Here’s a gallery of my final ‘augmented’ tondos.
Adding ‘thicker’ watercolour paint essentially means adding more saturated colours to my earlier thin washes, but I would like to be a bit more inventive in this exercise. I could alternatively add other water based media (ink, gouache, acrylic), or coloured pencil, water soluble crayon, or marker pen. I could use oil pastel, or cut and paste painted shapes, add gold leaf, or stencil repeating patterns.
I went to see David Hockney’s work in Saltaire (near his home town of Bradford) today, and I loved his bright colours and the patterns and marks he makes in his backgrounds. I saw a large four panel folding screen, Carribean Tea Time. It uses mixed media, combining print and hand-painting with stencil and collage. In it he plays with perspective; he contended that traditional western perspective places the viewer outside the painting, and he attempts here to pull people in by subverting the rules; he makes objects further back larger rather than smaller, and receding lines (such as the back edge of the table below) longer rather than shorter. He uses triangles and square shapes to explore his pictorial spaces, and overlapping to create depth. Also in Caribbean Teaparty foreground objects are hotter in colour temperature (reds, yellows) than background elements (blues, turquoise), an aerial perspective device used to depict distance.
Starting with my Teabags tondo, I beefed up the watercolour washes, adding more saturated colour to the foreground elements, more detail to the patterns of bowl and tray, and darker tone to the tray to describe its form better. Then I used inktense crayons with a fine brush to add patttern to the birds on the tray, and finally watercolour pencil thickly hatched in to add tone and form to some of the elements in the bowl. Here are the before and after versions. Before the rework I felt the background tray and foreground bowl were almost two separate paintings, one placed in fromt of the other. Now I think the painting as a whole is better integrated.
Derwent Artbar water-soluble crayons were used to add thicker ‘paint’ to the Scissors tondo. Colours layered and blended, darkened and homogenised the marble floor, so it’s less distracting. The tabletop is brought into better focus and now appears more forward in the picture plane than the floor, and ligher and brighter, especially when offset by the black surround.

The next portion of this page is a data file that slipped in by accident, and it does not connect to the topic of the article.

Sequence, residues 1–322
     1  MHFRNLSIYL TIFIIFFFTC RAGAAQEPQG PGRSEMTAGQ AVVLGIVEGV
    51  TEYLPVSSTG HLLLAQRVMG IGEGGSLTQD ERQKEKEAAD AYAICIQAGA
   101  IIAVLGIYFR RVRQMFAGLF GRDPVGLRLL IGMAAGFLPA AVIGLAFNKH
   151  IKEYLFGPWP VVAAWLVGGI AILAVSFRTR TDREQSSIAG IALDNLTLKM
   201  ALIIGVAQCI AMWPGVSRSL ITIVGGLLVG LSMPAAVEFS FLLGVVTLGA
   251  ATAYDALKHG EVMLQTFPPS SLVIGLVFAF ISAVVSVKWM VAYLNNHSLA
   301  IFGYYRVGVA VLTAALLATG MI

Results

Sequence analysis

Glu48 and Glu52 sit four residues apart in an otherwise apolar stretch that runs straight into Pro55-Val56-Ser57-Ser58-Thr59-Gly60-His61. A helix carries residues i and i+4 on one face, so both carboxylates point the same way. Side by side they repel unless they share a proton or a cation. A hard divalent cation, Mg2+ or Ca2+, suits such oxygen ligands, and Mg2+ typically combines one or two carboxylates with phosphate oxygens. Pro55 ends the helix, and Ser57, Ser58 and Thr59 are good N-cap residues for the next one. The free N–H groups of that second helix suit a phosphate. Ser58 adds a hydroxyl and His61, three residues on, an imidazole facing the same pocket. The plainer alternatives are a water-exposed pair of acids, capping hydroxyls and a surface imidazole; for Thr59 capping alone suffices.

As noted in the log for Ex 4.1 I was reluctant to spoil the fine, delicate translucent watercolour washes of my Corner of a Room tondo by adding thicker paint, but inspired by Hockney’s Interior With Lamp, 2003 watercolur, I took the plunge and used gouache with a fine brush to emphasise and brighten foreground elements. As in Hockney’s Carribbean Tea Party, above, I’ve played with perspective and made foreground objects hotter in colour temperature. The whole feel of the painting has changed; the earlier version has a peaceful, restrained harmony; the new work has made it more vibrant and given it more depth.
The composition of Laundry tondo needed resolving, to give more weight to the right side. I used Unison soft pastels and Derwent pastel pencils in some areas, adding pattern and texture, and intensifying some hues. Im pleased I found a way to retain sufficient light areas while adding interest to them, influenced by looking at Hockney’s mark-making and also the tondos of Virginia Verran with their tracer-bullet dashed lines, their stripes, stipples, doughnut rings and other patterns and marks. The light areas in my tondo are also more vibrant now by being contrasted with darker darks.
I wanted to address the large sketchy green area on the left of the Washing-up composition, as well as playing with adding thicker paint. The block shapes of triangles, rectangles and the disc of the brush, seemed to invite collaged shapes to be added to the painting. Iain Andrews cuts and rearranges photocopies of an image to form the basisof his compositions. I traced my painting and then cut out the main shapes in lightweight, medium texture watercolour paper, painted them with gouache, and laid them on my oriinal thinly-painted piece. I found I’d just repllcated the colours and shapes which were already there, which seemed a bit pointless; I was also struggling with the composition, finding it very difficult to integrate the dishcloth area on the left. Laying a black oval paper frame over my circular tondo eliminated much of the dishcloth so encouraged by this, I continued in a playful Hockney-esque way to add oil pastel colour and pattern to my paper shapes, and laying them on the painting. Some got knocked slightly askew, and I liked the effect; I cut some of my shapes into smaller pieces, and laid them down leaving gaps where the original painting shows through. When I had a collaged painting I liked I pasted the paper pieces on with pva glue. Last touch was adding thick pva over the red brush and handle, and painting over it with shiny red enamel.
Now the composiion was looking too crowded in its black surround. Eventually I thought to remove the frame and this opened up the painting again. This was the hardest painting of the five to transform, but the struggle was worth it for the learning experience, even though it is perhaps not the most successful outcome.